Oil and gas servicing and well drilling activities involve many kinds of equipment and materials. Therefore, recognizing and controlling hazards at these worksites is crucial for preventing injuries or deaths.
The most common oil and gas extraction hazards include:
- High-pressure lines and equipment
- Explosions and fires
- Electrical and other hazardous energy
- Confined spaces
- Ergonomic hazards
- Machine hazards
One of the best ways to reduce incidents from these hazards is to stay in constant communication with your workers. Safety toolbox talks offer the opportunity to remind your workers of the information they received in training.
These short conversations can have a major impact in strengthening your site’s safety culture and preventing accidents along the way. Let’s look at some of the best toolbox talk topics for oil and gas work activities.
According to OSHA, three of every five on-site deaths in the oil and gas sector can be attributed to struck-by/caught-in/caught-between incidents. Here are some of the topics you might want to discuss regarding these hazards:
- Falling equipment hazards
- Working around high-pressure lines
- Moving vehicles and heavy machinery
- Securing suspended loads
- Setting up rig equipment for drilling
- Checking high-pressure lines for damaged connections
High-pressure lines and equipment
Anyone who works in the oil and gas industry understands the hazards that high-pressure lines and equipment pose. Here are some topics you can cover to remind your workers of those risks:
- Pressure vessel safety
- Erosion, leaks, or line bursts
- Line connections
- Whip crack installation
- Blowout prevention
Explosions, fires, and hazardous energy sources
Explosions and fires can occur on rigs when flammable gases, such as well gases, flammable vapors, or hydrogen sulfide ignite. These harmful substances can be released from wells, trucks, or equipment like tanks and shale shakers.
Here are some ignition sources you may want to talk about with your team:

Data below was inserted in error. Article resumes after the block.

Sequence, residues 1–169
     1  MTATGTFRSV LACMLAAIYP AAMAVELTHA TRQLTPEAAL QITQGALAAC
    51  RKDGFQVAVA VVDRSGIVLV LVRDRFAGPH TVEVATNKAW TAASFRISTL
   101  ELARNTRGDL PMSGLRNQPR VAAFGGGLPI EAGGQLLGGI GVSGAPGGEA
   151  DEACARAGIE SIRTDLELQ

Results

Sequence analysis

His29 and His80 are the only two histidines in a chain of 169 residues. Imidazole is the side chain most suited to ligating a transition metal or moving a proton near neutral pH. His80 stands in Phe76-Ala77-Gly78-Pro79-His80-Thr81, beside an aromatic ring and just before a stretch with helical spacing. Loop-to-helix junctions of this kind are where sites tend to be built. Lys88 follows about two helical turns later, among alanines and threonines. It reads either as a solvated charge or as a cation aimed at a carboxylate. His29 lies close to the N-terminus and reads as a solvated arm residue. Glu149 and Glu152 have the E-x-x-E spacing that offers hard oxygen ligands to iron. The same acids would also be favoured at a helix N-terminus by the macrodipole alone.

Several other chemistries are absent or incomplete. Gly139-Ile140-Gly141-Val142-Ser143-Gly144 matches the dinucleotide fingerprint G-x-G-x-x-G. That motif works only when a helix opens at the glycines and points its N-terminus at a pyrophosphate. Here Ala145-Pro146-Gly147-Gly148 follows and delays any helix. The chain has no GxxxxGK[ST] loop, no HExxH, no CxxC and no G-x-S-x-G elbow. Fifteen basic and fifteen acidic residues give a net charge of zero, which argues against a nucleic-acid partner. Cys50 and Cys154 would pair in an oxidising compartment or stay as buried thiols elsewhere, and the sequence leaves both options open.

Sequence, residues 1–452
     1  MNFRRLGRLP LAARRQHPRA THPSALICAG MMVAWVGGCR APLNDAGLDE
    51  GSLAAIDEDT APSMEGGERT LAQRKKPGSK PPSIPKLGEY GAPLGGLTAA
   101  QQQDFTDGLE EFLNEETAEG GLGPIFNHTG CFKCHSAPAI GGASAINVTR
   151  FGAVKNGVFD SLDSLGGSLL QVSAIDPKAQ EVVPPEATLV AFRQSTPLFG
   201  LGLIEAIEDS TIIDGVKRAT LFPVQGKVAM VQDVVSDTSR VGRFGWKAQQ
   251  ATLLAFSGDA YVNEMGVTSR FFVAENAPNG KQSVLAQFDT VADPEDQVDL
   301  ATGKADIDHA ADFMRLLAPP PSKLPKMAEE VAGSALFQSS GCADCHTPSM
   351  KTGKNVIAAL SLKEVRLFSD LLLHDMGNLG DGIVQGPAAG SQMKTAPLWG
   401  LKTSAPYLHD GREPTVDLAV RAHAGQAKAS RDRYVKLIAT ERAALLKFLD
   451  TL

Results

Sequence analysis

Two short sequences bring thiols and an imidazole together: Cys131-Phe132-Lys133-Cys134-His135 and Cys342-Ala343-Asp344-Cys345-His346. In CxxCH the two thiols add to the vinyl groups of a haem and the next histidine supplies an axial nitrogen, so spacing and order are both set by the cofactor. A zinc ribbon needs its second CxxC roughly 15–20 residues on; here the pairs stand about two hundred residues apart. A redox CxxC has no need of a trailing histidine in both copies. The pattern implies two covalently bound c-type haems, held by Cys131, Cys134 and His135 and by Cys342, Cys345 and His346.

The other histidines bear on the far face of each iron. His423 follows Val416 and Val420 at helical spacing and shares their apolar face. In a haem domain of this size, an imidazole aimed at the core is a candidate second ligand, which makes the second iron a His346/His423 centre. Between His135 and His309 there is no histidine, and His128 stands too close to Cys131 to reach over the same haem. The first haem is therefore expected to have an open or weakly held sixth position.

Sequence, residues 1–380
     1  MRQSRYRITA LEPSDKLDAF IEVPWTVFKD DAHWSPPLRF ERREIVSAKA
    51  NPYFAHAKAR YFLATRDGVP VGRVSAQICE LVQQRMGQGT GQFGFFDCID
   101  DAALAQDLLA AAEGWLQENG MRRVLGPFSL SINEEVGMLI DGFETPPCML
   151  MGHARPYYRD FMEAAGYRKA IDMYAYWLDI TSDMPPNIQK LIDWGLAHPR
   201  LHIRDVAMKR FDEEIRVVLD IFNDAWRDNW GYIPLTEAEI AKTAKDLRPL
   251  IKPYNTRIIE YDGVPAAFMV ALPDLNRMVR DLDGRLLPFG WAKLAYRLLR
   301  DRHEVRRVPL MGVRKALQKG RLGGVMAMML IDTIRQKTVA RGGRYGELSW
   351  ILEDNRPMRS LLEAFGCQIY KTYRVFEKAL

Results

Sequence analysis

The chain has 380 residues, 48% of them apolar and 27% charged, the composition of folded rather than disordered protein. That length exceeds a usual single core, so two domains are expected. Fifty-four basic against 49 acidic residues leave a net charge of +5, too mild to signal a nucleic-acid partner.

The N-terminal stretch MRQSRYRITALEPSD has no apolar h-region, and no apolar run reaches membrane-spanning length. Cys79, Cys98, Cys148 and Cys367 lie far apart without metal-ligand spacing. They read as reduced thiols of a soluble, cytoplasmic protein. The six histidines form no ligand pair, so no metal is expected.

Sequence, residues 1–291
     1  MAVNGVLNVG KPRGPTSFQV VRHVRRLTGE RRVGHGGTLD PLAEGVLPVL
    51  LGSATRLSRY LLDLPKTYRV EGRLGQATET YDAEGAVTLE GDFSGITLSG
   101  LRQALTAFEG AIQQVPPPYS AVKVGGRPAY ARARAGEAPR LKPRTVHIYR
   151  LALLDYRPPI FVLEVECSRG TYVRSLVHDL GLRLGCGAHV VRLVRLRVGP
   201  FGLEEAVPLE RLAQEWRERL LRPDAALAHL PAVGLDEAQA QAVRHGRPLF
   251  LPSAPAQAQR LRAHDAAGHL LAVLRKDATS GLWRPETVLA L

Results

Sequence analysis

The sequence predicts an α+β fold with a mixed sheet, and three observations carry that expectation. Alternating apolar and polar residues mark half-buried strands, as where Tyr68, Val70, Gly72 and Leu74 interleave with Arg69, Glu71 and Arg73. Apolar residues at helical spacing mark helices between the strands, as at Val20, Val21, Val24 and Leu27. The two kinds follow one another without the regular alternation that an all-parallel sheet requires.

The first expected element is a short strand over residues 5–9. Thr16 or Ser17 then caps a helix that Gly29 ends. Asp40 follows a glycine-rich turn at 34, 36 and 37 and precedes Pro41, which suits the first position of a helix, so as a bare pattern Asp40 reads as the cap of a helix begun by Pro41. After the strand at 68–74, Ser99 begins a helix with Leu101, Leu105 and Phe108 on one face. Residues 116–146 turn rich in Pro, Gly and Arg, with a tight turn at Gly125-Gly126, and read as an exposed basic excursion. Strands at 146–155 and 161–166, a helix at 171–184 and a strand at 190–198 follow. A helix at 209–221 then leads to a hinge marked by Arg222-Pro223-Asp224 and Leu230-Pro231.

- Frictional heat
- Hot surfaces
- Open flames
- Electrical energy sources
- Cutting and welding tools
Workers should watch for damaged equipment, extension cords, and disconnects to prevent electrical injuries. And they most definitely need reminders about performing proper lockout tagout procedures.
Spaces where gases or vapors can build up, most notably empty tanks, drums, and containers, should be monitored to test for flammable atmospheres before starting any hot work.
Additional confined spaces like reserve pits and other excavated areas can also be where hazardous gases can settle. Again, testing for atmospheric flammability and toxicity should not be overlooked.
Fall protection must be provided to prevent workers from falling from masts, drilling platforms, or other platforms on the rig high above the ground. During your oil and gas toolbox talks, remind workers how to:
- Inspection their fall protection PPE
- Tighten and secure safety harnesses
- Attach fall protection gear to anchor points
- Notice hazards or issues when working on elevated platforms
If working at heights is required, you can implement an additional system to verify that harnesses and lanyards are anchored before starting work.
Maintenance activities such as working on the wellhead, pulling and running rods, or pulling and running tubing can cause fatigue and stress.
Talk to your team about ergonomics topics like:
- How to lift objects safely
- Ways to avoid repetition injuries
- When to ask for help
- How to stretch properly
- How to identify the signs of injury/fatigue
Ergonomics awareness is essential given the physical demands of working in the oil and gas industry. Use some of these safety tips to plan your toolbox talks.
In oil and gas, there are many different types of equipment that can be fatal if used or moved incorrectly. Some examples include:
- Rotating wellhead equipment
- Draw works
- Kelly drives
- Hoist blocks
- Belt wheels
You can do a toolbox talk for any single piece of equipment or combine them into one general talk about machine safety. One great point to make is the importance of protecting the body.
Workers should ensure that all the proper guards are in place before using a machine.
Planning and prevention
All servicing and/or drilling companies need site-specific safety hazard training programs in place. Perform a job safety analysis (JSA) for each task within the site. Then, use the information you gather to customize your training materials.
When evaluating the hazards, schedule the proper training and plan your toolbox talks too. If you commit to discussing these topics on a regular basis, you can keep personal safety at the front of everyone’s mind—ultimately making the worksite safer.